The barbecue goes over. A bin-lid rattles close by. Cool night air ripples onto her micro-pore pressure sensors. Apolline pulls up the kill-gun with practiced efficiency, as servos in the monkey suit whine into bionic assist.

A smallish, hunched, humanoid form emerges with a certain Trovian swagger. A furred head and steely, rodent eyes have been pushed through the mouth of a young, earth-girl monkey-suit (the girl now seems rather snake-like, her dislocate jaw swallowing a mouse).The ‘mouse’ has its eyelids and face pulled back by the silicoid lips it has squeezed between; snout greasy, fur marked with lipstick.  The gun it carries is bigger than a Tropecca.

“I have come for you, hideous princess of Harvania! Prepare for the tractor beams of righteous translocation!”



Pop goes the weasel.

September 4, 2012   20 Comments

Lion on the Court

Strangely, for me, I’ve been watching the Olympics and quite enjoying it: they’ve been throwing stuff and all sorts and I’ve been paying attention. I used to do a lot of swimming, so seeing that and the other events floating by in the background – while doing something much more sedate, like reading a book – has been pure gold. This week’s #FridayFlash wasn’t planned as an Olympic-appropriate story, but kind of ended up that way.  I guess the coloured rings  must’ve snuck into my subconscious and stuck, demanding sport-related shenanigans.  As I’ve never been one to turn down shenanigans, sporting or otherwise, this one is called ‘Lion on the Court.’



elly found the lion basking in the sunshine of the court.

At first it was a quality of that high, summer light and the wind-dust blowing across the cracked, compacted grit, and the weed-heads dancing in between – a soft, susserant breath of movement that could be muscle shifting.

How big is it? What does it want? he wondered, even as he knew it was very, very, big and very, very, old (ancient, wandered through his mind) and it wasn’t entirely friendly. Its golden pelt was patched from the glitter of small stone and mica, golden sunbeams and childish wonder. He pictured the soft pad of paws and the warm, soft, fur that could be gathered in armfuls – if only it’d let you.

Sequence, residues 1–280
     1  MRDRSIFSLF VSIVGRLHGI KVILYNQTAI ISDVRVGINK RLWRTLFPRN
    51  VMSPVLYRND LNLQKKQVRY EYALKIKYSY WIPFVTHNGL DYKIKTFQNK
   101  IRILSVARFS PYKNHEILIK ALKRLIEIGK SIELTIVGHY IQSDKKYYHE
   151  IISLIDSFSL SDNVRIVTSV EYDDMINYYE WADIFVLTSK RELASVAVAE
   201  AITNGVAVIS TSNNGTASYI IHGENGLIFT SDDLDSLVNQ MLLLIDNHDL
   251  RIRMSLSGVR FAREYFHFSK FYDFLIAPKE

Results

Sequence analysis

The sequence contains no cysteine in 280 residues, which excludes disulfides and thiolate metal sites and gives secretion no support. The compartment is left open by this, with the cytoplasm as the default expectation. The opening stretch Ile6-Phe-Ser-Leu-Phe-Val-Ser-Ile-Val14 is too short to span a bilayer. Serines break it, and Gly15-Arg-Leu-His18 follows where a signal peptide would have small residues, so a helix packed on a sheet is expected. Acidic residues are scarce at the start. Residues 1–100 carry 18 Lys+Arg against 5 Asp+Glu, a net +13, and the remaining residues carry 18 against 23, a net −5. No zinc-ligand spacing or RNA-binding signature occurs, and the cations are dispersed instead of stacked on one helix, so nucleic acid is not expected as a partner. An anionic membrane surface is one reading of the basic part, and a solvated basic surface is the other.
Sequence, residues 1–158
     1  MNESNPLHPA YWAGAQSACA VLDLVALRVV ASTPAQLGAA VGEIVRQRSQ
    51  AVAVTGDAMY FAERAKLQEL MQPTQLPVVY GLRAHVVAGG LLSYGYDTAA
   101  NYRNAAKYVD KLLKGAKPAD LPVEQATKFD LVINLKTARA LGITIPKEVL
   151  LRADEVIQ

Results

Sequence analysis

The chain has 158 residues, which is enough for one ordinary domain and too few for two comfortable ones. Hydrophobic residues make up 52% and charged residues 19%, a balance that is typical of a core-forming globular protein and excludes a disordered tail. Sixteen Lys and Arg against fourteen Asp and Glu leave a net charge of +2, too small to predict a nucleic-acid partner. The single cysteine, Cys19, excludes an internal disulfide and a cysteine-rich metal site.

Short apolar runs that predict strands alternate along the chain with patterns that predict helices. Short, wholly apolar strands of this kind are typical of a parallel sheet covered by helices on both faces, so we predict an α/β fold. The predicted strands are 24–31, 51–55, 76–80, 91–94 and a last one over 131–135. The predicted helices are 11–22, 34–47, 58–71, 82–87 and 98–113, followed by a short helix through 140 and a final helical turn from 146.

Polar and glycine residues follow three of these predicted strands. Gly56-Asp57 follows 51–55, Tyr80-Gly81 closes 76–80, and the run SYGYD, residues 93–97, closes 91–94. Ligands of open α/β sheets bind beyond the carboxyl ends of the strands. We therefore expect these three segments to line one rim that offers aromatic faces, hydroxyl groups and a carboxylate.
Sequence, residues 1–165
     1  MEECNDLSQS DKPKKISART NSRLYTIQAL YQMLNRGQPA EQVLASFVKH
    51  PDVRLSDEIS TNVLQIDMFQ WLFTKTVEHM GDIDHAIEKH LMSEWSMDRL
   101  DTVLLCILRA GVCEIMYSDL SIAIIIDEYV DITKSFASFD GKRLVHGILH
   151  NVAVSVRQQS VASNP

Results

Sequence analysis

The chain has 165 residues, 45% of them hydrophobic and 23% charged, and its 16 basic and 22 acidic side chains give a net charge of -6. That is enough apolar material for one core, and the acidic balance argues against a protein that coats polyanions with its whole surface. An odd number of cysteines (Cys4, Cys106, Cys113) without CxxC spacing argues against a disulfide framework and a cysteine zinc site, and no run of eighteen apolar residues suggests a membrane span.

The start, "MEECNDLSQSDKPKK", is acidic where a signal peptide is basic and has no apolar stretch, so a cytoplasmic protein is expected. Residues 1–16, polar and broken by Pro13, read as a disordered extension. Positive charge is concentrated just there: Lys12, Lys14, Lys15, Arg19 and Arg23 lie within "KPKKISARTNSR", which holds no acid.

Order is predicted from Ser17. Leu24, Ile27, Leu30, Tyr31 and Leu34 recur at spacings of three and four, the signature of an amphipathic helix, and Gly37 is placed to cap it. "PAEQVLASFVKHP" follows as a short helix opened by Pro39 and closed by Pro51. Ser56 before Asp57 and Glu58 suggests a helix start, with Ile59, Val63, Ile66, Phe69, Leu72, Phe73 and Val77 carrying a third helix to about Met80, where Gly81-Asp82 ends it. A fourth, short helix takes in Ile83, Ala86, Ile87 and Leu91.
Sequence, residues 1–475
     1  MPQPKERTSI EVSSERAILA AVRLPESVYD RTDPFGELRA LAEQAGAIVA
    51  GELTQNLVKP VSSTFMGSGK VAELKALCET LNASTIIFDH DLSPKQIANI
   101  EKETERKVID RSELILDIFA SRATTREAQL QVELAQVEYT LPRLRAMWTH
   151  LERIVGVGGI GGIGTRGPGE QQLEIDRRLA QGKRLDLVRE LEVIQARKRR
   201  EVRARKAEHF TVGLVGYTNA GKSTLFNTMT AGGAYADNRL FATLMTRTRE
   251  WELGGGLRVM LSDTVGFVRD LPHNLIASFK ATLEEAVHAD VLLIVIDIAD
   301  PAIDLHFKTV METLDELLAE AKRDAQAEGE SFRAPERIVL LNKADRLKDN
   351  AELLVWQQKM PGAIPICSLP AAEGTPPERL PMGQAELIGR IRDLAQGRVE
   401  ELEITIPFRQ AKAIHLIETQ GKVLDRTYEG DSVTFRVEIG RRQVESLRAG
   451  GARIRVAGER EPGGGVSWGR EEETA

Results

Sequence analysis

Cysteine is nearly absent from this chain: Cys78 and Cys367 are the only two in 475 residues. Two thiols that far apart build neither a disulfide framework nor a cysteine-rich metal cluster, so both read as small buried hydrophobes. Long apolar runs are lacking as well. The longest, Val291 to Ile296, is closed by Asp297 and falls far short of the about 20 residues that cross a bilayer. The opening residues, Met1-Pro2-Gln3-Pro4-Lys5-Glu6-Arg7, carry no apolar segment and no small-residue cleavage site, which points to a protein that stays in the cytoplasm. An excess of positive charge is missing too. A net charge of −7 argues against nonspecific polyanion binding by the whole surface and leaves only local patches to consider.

Where the net sagged, string rotting; where the volley ball plopped, deflated; where the other kids came along with a challenge or other – or laughed at the little boy taking soft-wristed punts and splatting the leather bladder on his wrists (playing  ‘wally ball’, they said) – the lion ran underneath, tail flicking, jaws grim, tongue lolling.

And surely those teeth had to be there, if the boy had stared so long into the sun? Or played so long with a dream in his heart? Or had to overcome so much in such a simple place, where grit and promise, and a skint knee or elbow on the wasteland court, had demanded so much imagination? The lion spoke of an older time, when hearts were inspired and battle raged, when glory was held above all other pursuits, where death was a simple thing, unremarked.

“You have stood guard,” the lion rumbled, “for years of your short life and so I shall do the same.”

Clouds shifted and the lion sat up. Kelly could feel its warm, moist breath on his face and hands; grimaced at the carnivore in it. He punted another shot. Plop went the ball in the dust, unlamented by mum or dad or community or council. Only his grandfather had known: champion of champions, gold so distant it was grey in celluloid. The long shorts, the moustache, the blocky shoes – unshaped and unlovely – the mane of wild hair, were alien, but the look in the old man’s eyes was familiar.

“Yes,” breathed the lion.